You can read the following and get the gist, an idea or the truth?
It’s a nightmare come true; thrown into the back of a police car and dumped in this cell.
“OK Gringo, entonces dices que eres inocente” (“OK Gringo! So you say you’re innocent”) the policeman sneers as he thrusts some paper towards me.Sweat drips down my back and the stubby pencil I’ve been given slips in my fingers. The word ‘anxious’ wouldn’t cut it; ‘shit scared’ would be better. So they want a statement; OK ….. now:
My name is Dean Jones. I’m 43, English and a writer. I came out to Cuba to make some progress on a crime novel I’m writing. You can check when I arrived, last week actually, and I booked a little cottage on the outskirts of Matanzas; I plan to stay for a month. I was getting stuck on a particular chapter and needed both some inspiration and a drink, so I walked into town and sat at an outside table in the Casa Blanca – you know where that is because that’s where you arrested me! The place was full of locals, chatting, eating, drinking or just staring into space, their thoughts a million miles away. You know your country has an international reputation for beautiful women, right? Well, that night the clientele included one or two very exotic ones; just couldn’t keep my eyes off! Anyway, I’m half scribbling my story and half glancing around, and suddenly a rather tubby, grubby man’s coming across to my table. He’s extremely agitated and he screams at me:
“Has estado mirando a mi mujer.” (You’ve been looking at my woman)
He reaches across and grabs me by my shirt, lifting me onto my feet. He’s clearly had a few drinks and although I try to apologise, he’s not hearing anything. I sense I’m in for a beating, but I am a Black Belt in Judo and automatically switch into self-defence mode. His smelly breath, a mixture of garlic and alcohol, wafts over me; disgusting! I decide to jab him in the throat, a generally incapacitating move, but just as I am bringing back my arm to gain some momentum, this chap’s eyes go funny, he clutches his chest, crumples forward, hits the table and slides down to the dirty floor. I never made contact; I never touched him. I am no way responsible for his death.
Two hours later I’m released, with a caution to be more sensitive to the local cultures. The poor chap had had a heart attack and I am in the clear. I make my way back to my cottage intent on reworking my novel’s Chapter 4 but, before I can get started, there’s a knock on the door. I open it gingerly, not expecting anyone. It’s the beautiful woman from the Casa Blanca: “I come in, pleeeze?”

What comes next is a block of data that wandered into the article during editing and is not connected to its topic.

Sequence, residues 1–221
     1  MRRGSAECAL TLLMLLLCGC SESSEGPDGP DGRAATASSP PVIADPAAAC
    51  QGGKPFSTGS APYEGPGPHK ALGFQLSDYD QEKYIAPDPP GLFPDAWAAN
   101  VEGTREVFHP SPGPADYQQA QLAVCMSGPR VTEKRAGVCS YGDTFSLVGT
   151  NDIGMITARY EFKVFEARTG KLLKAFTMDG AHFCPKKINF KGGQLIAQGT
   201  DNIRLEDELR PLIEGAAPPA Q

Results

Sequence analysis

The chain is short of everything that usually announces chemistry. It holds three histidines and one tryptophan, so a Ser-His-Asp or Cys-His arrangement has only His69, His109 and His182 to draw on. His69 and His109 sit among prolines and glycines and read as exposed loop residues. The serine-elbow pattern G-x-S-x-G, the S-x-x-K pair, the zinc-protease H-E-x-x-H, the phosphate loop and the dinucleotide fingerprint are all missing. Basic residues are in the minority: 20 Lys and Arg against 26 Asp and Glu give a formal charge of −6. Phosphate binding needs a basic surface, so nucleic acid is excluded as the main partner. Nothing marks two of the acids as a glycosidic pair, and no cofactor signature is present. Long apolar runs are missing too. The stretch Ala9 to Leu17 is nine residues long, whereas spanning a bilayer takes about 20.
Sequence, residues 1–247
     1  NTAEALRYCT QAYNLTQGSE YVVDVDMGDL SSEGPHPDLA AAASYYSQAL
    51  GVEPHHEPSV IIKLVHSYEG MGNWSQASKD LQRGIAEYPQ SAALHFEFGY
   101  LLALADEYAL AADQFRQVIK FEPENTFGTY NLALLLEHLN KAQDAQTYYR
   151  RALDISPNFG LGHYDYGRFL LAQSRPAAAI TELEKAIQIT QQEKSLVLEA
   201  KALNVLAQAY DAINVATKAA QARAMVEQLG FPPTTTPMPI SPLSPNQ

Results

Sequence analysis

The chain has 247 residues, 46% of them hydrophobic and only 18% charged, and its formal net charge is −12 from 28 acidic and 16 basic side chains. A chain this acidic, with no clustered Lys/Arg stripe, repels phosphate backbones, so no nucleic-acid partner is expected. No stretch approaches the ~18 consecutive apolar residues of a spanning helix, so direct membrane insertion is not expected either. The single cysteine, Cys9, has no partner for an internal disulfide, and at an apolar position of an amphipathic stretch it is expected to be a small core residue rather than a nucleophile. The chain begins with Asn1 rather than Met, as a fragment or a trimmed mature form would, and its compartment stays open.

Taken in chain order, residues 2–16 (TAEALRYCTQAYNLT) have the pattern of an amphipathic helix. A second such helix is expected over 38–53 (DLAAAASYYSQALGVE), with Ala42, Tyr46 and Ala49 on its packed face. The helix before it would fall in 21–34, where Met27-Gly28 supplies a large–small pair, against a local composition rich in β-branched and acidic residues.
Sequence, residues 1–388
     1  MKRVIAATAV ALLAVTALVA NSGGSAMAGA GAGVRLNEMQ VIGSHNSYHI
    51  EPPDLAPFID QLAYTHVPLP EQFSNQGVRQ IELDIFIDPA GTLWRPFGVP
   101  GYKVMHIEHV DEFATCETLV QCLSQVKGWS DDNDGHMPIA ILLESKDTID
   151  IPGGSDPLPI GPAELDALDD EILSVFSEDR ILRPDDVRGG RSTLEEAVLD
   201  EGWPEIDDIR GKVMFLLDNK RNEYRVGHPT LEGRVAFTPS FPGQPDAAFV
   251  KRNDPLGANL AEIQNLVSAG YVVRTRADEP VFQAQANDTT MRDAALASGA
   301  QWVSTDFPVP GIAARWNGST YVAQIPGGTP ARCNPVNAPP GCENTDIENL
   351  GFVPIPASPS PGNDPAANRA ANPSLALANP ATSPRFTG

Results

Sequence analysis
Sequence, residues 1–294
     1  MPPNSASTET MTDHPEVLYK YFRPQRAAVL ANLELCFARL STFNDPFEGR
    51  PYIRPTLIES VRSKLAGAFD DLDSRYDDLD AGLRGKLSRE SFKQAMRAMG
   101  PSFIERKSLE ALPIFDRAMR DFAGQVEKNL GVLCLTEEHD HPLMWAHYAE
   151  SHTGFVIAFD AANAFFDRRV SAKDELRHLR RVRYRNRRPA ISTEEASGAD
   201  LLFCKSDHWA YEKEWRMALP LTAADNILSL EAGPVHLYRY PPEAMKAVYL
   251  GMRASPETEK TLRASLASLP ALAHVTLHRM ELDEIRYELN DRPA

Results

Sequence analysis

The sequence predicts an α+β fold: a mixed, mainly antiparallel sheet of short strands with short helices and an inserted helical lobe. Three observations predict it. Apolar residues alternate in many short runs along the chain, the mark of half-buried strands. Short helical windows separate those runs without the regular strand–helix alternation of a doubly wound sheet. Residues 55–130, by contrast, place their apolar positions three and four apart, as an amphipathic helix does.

Or you can read the same events from a different perspective!!
Saturday’s are always the same. Pedro sleeps late on his rest day, scratches his raggedy backside a lot and heads to the Casa Branco as soon as he is sober enough to walk. His habits are disgusting. He spits, chews tobacco and wears the vilest T shirt – one he bought on holiday in Venezuela ten years ago – ironically stating the owner is ‘Number One!’ I try to wrest it off him to wash it but he resists.This evening he stands at the bar with his mates, hardly paying me any attention, quietly getting sozzled. Why do I stay I ask myself. I look around the packed place. The normal crowd is in and then, out on the terrace, I see a blonde- headed guy sitting by himself, alternating between drinking and tapping away at his laptop. Every now and again he looks around as if searching for the right phrase or maybe simply inspiration. Both must be in short supply. He catches my eye and dangerous though it might be, I give an imperceptible nod of my head as he’s quite cute, then look away. I don’t think I am the only one he’s fantasizing about.
Just before midnight Pedro suddenly understands that I might have an admirer; being a jealous type I know he won’t stand for it. Right enough, he gets off his stool and lurches over to the guy, who must be foreigner, a tourist maybe. I hope Pedro is not going to make a fool of himself, as he’s completely pissed and unsteady on his feet. He reaches across the table and grabs the guy by his shirt collar and lifts him towards him.
“Has estado mirando a mi mujer.” (You’ve been looking at my woman).”
The other man looks startled and surprised but then gathers his thoughts and I can tell he’s going to do something; the way his body moves, he is getting ready to hit Pedro. But I sense before he makes any contact, my crazy Pedro freezes, clutches his chest, shouts in agony, and crumples to the floor. I rush across to cradle my man, at the same time yelling to the barman to call an ambulance. Pedro is barely conscious, his breathing labored; somehow he manages to look rather serene …… and that’s a first! The police and medics arrive at about the same time. The former take the foreigner away and I jump into the ambulance with Pedro.
That dreadful DOA (Dead on Arrival) is pronounced …. I learn that the police have been informed that Pedro died of a heart attack ……. and I find out where the man is staying. An hour or so later I knock on his cottage door. “I come in pleeeze?” I ask, smiling.
I ditch the pidgin English: “Another dead Russian double agent – with his own nerve agent! Ha! High five!!”
Richard 5th May 2018